The American flag suddenly disappeared from the screen and was instantly replaced by the hiss of static snow shedding an eerie bluish light across the living room. Steve Freeling slept soundly in his recliner, fifteen feet from the set, lot and parcel maps strewn on the floor around him, lease contracts covering his lap. Except for the white noise of the television, the house was dark and quiet.

Upstairs in the large front bedroom, Steve’s wife Diane curled peacefully around her pillow, undisturbed by dream or doubt. The lace curtains blew gently at the open window, on the quiet nights respiration. Outside, it was autumn, a shadow Of change in the air.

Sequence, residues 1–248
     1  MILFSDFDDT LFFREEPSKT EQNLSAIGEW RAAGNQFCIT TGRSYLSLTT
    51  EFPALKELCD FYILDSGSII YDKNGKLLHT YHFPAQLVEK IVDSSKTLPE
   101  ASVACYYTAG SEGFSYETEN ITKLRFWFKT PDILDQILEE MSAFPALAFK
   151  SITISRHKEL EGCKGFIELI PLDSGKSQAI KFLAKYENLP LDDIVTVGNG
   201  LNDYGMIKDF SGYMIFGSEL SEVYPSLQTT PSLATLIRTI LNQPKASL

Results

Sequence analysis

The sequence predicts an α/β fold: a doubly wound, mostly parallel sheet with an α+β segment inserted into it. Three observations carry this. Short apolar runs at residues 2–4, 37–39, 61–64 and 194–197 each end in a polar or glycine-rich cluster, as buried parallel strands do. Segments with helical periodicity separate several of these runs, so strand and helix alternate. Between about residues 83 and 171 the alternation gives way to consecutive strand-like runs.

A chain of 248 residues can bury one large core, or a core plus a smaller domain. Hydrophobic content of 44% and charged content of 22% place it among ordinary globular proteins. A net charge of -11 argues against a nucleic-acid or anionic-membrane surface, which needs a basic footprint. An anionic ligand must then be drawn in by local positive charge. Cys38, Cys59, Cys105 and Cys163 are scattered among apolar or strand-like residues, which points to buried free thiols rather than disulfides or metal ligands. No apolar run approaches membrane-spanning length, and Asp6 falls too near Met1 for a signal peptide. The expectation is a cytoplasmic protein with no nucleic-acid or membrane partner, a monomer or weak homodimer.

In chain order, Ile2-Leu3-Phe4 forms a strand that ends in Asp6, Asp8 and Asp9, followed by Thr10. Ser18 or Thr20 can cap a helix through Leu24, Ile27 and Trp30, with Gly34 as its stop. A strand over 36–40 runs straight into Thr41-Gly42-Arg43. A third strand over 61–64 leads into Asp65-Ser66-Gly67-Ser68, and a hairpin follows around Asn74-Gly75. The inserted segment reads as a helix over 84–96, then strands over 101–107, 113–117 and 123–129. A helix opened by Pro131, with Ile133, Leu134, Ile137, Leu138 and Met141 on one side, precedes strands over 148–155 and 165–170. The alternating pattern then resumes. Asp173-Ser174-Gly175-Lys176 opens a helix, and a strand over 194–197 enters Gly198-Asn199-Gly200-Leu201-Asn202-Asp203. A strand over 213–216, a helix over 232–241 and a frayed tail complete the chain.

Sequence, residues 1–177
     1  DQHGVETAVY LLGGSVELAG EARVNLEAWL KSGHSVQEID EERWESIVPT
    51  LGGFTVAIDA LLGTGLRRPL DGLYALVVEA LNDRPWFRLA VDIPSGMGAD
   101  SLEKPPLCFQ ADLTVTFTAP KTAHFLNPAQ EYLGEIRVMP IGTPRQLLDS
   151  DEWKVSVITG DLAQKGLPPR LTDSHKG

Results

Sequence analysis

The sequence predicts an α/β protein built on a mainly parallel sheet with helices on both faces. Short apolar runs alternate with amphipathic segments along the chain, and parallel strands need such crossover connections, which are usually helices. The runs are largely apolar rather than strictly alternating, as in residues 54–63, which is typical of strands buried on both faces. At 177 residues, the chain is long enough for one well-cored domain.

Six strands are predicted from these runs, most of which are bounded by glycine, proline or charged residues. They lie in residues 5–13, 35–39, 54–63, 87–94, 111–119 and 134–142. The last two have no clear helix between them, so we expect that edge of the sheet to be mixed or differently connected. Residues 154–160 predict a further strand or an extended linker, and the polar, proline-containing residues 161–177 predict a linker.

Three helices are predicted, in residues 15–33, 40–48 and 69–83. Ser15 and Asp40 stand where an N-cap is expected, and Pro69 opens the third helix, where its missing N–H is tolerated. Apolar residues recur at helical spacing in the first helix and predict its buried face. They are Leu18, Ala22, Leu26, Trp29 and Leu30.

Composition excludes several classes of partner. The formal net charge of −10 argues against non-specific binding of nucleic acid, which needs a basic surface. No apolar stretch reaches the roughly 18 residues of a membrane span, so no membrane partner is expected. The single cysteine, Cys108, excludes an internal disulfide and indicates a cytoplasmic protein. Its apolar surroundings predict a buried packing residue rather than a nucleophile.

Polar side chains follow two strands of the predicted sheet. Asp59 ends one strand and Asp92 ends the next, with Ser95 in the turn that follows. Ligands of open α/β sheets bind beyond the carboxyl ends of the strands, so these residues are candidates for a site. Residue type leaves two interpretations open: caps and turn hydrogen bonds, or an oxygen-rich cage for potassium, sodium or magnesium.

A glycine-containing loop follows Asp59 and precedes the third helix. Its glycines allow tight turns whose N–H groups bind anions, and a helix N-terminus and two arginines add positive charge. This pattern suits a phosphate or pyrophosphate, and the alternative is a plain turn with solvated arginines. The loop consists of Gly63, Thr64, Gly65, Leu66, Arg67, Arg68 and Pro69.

Down the hall from Diane was Dana’s room. Dana was fifteen, cute, dark haired, snoring, her hand loosely slumped over her own personal telephone. Jeans in a pile by the bed, homework in a pile on the chair, diary stuffed under the mattress, lip gloss poised and waiting on the vanity. She slept like an unself-conscious heiress.

Next to the master bedroom was the children’s room. Robbie, seven, slept a fitful sleep, wrapped arm-in-paw with his terry-cloth bear. The floor was covered with a profusion of toys, games, clothes, crayons, and the like—the joyous clutter of the very young. A stuffed clown doll sat lopsided in the rocking chair. Across the room, in a matching imitation frontier bed, slept Robbie’s five-year-old sister, Carol Anne. At a few minutes past two-thirty in the morning, Carol Anne opened her eyes.